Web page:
- The Reichstag meets for the last time, dissolving itself and proclaiming Adolf Hitler the "Supreme Judge of the German People", granting him the power of life and death over every German citizen.
-- The Battle of the Coral Sea (first battle in naval history where 2 enemy fleets fight without seeing each other's fleets) ends in an Allied victory.
- Anglo-Soviet Treaty of 1942 to help establish military and political alliance between the USSR and the British Empire is -signed in London by foreign Secretary Anthony Eden and by Soviet foreign minister Vyacheslav Molotov.
- Bombing of Cologne – British RAF Bomber Command's "Operation Millennium", its first 1,000 bomber raid, with associated fires make 13,000 families homeless and kills around 475 people, mostly civilians; 3,330 non-residential buildings are totally destroyed.
- The Battle of Midway: The Japanese naval advance in the Pacific is halted.
J- Japanese forces invade the Aleutian Islands (the first invasion of American soil in 128 years).
- On her 13th birthday, Anne Frank makes the first entry in her new diary.
- The First Battle of El Alamein.
- Twenty-four ships are sunk by German bombers and submarines after Convoy PQ 17 to the Soviet Union is scattered in the Arctic Ocean to evade the German battleship Tirpitz.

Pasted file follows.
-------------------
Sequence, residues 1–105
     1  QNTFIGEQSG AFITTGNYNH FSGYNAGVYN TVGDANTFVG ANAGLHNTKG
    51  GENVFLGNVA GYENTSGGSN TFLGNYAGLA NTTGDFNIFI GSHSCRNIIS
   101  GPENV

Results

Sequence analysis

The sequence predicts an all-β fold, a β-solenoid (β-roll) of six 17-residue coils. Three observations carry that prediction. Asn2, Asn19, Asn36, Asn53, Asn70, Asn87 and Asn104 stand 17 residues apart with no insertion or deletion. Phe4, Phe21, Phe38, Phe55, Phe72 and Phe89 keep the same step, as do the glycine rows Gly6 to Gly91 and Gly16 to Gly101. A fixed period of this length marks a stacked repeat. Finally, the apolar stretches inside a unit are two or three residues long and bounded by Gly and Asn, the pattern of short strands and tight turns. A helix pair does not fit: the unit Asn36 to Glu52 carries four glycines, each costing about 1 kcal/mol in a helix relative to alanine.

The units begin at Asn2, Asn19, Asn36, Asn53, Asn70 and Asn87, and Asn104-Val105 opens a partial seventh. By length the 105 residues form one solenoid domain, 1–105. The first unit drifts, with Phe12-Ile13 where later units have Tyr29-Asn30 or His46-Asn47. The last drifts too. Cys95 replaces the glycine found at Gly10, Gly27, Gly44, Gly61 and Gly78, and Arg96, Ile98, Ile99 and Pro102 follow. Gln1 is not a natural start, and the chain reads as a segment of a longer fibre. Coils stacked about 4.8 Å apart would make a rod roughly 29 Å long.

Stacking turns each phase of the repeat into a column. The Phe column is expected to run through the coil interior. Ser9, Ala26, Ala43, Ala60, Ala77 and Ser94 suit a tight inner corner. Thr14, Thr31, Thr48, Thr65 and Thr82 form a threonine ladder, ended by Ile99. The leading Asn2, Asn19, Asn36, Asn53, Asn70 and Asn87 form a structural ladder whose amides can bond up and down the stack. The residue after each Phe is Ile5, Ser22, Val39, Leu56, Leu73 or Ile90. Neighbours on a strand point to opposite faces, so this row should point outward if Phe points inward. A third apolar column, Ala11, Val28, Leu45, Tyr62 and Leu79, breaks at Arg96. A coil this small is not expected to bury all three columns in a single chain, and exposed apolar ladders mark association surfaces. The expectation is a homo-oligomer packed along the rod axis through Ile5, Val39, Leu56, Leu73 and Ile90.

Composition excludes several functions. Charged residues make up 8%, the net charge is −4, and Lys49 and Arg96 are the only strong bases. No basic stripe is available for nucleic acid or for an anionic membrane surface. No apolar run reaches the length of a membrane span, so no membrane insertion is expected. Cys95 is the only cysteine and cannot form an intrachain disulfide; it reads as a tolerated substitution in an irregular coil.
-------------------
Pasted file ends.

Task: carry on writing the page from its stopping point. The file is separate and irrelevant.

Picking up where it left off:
- U-boats sink 3 more merchant ships in the Gulf of St. Lawrence.

- The Germans test fly the Messerschmitt Me 262 (using only its jets) for the first time.
- WWII: First raid by heavy bombers of U.S. Eighth Air Force against occupied France.
- Dieppe Raid: Allied forces raid Dieppe, France.
- Battle of Stalingrad begins: German troops reach the suburbs of Stalingrad.
- Prince George, Duke of Kent, brother to King George VI and King Edward VIII, dies in a flying accident over Morven in Scotland at the age of 39.
- The first A-4 rocket is successfully launched from Test Stand VII at Peenemünde, Germany. The rocket flies 147 kilometres wide and reaches a height of 84.5 kilometres, becoming the first man-made object to reach space.
- A U-boat sinks the ferry SS Caribou off Newfoundland, killing 137.
- Award-winning composer and songwriter Ralph Rainger ("Thanks for the Memory") is among 12 people killed in the mid-air collision between an American Airlines DC-3 airliner and a U.S. Army bomber near Palm Springs, California.
- Second Battle of El Alamein: British troops go on the offensive against the Axis forces.
- The Alaska Highway is completed.
- British sailors board U-559 as it sinks in the Mediterranean and retrieve its Enigma machine and codebooks.
- Operation Torch: United States and United Kingdom forces land in French North Africa.
- Guadalcanal Campaign: Aviators from the USS Enterprise sink the Japanese battleship Hieyi.
British forces capture Tobruk.

- A national plebiscite is held in Canada to decide the issue of conscription. Most English-Canadians are in favour, while most French-Canadians are not.
- The Official Food Rules is published, for the first time. It eventually becomes known as the National Food Guide.
- A German U-boat sinks the ferry SS Caribou, killing 137.
- About 22000 Canadians of Japanese descent are stripped of non- portable possessions, interned and evacuated as security risk


https://en.wikipedia.org/wiki/1942
https://fccs.ok.ubc.ca/about/links/resources/canadian-history/1919-to-1945.html